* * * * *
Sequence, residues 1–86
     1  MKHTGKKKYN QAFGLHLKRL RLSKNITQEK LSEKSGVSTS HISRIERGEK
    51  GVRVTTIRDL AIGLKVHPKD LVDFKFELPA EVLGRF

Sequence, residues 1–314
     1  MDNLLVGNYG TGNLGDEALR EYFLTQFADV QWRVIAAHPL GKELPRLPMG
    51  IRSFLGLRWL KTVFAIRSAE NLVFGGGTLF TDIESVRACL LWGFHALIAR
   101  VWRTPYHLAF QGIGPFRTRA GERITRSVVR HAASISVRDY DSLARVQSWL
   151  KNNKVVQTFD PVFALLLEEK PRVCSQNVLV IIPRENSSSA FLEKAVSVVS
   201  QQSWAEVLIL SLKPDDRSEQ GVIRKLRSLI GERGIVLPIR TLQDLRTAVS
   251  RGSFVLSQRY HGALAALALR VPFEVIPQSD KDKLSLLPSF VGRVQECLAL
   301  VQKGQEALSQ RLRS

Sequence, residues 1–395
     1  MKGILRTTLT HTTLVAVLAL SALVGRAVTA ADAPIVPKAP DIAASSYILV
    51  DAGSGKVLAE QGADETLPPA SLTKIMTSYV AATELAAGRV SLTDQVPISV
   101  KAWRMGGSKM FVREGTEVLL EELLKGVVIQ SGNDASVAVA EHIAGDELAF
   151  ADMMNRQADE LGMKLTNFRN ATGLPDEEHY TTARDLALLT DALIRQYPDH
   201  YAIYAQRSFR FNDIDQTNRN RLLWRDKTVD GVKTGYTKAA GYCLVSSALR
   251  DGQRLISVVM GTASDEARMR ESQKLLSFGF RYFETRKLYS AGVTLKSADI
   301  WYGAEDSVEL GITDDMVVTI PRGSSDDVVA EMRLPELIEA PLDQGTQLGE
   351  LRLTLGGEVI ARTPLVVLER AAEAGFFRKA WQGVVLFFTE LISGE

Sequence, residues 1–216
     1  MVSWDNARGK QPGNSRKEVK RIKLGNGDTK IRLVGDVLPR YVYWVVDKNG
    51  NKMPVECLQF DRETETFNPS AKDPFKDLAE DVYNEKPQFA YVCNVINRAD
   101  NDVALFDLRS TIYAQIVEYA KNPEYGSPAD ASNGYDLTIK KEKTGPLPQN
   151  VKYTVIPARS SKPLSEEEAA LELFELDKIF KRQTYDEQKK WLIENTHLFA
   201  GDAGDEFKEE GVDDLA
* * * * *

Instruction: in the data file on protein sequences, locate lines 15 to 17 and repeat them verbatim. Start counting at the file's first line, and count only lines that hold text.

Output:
   101  KAWRMGGSKM FVREGTEVLL EELLKGVVIQ SGNDASVAVA EHIAGDELAF
   151  ADMMNRQADE LGMKLTNFRN ATGLPDEEHY TTARDLALLT DALIRQYPDH
   201  YAIYAQRSFR FNDIDQTNRN RLLWRDKTVD GVKTGYTKAA GYCLVSSALR